Emergency on the Subcontinent

This article was written with assistance from Beth MacNairn and Lea Radick 

John Lancaster is a member of the Board of Handicap International’s U.S. national association and serves as the Treasurer of the newly formed Handicap International Federation. He recently served as the executive director of the National Council on Independent Living in Washington, D.C.  John was the executive director of the President’s Committee on Employment of People with Disabilities under the Clinton administration. He spent four years in Vietnam working with the Government and National Assembly to develop laws to protect the rights of persons with disabilities. He and his wife, Christine, live in Potsdam, New York. 

On December 26, 2004, at 6:58 am, an earthquake measuring 9.0 on the Richter scale struck Indonesia off the west coast of northern Sumatra. The earthquake triggered a tsunami, which caused extensive damage in Indonesia, Sri Lanka, Thailand, India, the Maldives, some parts of Malaysia, as well as Myanmar, the Seychelles, Somalia and Tanzania. In total, 12 countries were affected by the disaster, according to the United Nations Office for the Coordination of Humanitarian Affairs, with Indonesia and Sri Lanka suffering the highest casualties and the greatest devastation. In the Aceh province of Indonesia along the archipelago’s Indian Ocean coastline, an estimated 200,000 people died and 400,000 were left homeless, according to Handicap International.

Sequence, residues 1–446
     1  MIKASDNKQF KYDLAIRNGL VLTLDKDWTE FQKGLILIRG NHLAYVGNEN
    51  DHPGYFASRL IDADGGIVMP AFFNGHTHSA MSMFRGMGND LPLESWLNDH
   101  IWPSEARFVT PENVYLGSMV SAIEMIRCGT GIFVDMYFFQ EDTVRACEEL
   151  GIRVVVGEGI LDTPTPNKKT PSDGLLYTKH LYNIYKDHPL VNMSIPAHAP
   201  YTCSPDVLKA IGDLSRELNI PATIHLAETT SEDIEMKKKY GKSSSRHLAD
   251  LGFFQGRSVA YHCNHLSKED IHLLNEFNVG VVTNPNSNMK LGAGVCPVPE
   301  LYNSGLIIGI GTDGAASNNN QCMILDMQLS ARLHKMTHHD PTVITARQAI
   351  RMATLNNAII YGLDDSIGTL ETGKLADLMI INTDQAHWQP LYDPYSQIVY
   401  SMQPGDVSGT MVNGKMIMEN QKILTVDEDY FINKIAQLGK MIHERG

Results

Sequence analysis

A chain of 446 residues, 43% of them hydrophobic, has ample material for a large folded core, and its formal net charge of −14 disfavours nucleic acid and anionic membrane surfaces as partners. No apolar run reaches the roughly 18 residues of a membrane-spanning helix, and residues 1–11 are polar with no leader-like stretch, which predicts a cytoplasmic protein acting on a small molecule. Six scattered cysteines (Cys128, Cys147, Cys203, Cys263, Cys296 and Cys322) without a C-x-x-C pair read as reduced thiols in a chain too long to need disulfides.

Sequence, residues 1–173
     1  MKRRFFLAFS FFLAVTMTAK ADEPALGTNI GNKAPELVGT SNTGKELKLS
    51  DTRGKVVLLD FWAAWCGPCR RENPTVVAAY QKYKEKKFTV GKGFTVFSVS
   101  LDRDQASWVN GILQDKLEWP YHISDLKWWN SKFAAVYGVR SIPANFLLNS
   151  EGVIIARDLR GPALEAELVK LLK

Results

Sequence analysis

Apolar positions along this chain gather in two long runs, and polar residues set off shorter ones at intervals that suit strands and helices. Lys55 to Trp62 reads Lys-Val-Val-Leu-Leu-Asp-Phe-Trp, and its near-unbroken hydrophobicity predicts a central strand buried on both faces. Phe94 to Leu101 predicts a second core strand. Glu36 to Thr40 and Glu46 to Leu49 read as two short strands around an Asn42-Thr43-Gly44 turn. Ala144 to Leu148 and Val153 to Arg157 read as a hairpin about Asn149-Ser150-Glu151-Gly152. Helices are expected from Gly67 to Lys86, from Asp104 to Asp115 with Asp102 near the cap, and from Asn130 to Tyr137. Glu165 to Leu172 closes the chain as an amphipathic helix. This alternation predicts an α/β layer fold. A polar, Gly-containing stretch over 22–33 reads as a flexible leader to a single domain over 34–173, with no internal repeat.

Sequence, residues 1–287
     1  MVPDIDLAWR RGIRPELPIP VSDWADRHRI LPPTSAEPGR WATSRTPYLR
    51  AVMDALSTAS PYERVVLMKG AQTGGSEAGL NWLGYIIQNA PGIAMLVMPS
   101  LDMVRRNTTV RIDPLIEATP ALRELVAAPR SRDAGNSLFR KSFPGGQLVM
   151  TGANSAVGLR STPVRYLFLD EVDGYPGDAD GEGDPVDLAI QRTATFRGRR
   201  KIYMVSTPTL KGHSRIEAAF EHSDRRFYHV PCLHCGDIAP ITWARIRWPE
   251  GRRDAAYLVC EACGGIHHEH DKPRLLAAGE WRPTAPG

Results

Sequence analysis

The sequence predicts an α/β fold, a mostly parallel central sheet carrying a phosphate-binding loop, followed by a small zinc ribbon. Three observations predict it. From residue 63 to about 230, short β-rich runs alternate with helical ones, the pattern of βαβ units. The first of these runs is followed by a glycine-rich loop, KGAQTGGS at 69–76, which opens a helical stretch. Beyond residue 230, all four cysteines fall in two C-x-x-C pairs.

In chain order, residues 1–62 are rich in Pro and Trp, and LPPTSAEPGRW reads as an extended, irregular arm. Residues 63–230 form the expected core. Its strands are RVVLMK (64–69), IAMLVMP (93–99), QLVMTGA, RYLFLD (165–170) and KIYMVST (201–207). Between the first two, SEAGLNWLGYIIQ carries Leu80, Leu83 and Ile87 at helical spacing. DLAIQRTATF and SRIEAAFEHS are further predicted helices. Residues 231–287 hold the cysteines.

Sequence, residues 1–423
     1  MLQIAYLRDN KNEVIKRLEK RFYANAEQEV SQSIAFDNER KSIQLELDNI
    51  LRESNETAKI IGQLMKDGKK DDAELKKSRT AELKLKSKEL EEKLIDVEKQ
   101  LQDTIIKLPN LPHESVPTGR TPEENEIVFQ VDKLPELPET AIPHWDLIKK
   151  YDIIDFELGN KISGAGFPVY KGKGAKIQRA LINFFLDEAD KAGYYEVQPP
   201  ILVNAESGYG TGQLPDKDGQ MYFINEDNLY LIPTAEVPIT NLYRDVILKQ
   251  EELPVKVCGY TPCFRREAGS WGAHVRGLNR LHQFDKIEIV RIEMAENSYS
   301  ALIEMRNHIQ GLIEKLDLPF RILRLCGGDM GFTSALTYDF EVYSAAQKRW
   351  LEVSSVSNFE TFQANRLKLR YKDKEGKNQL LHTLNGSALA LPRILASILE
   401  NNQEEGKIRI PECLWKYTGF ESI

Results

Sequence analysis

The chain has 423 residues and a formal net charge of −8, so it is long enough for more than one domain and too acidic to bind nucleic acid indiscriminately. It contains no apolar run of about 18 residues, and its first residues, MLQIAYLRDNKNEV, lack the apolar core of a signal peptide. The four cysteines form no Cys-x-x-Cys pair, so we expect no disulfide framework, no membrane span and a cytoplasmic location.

The international humanitarian aid community quickly launched a massive and, at times, poorly coordinated emergency response to support the victims and help the most affected regions rebuild and recover. UNICEF’s 2008 Humanitarian Action Report highlighted the unprecedented challenges faced by the international humanitarian assistance community in response to the 2004 Indian Ocean earthquake and tsunami and the resulting lessons learned, such as the need for “greater predictability, accountability and leadership in humanitarian action.” A report completed in May 2006 by the United Nations General Assembly Economic and Social Council confirmed the coordination challenges faced by governments and humanitarian actors, but characterized the relief response as disjointed given that it was “not predicated on joint needs assessments by agencies, bilateral donors, and governments.”

Although a massive humanitarian crisis, such as the Indian

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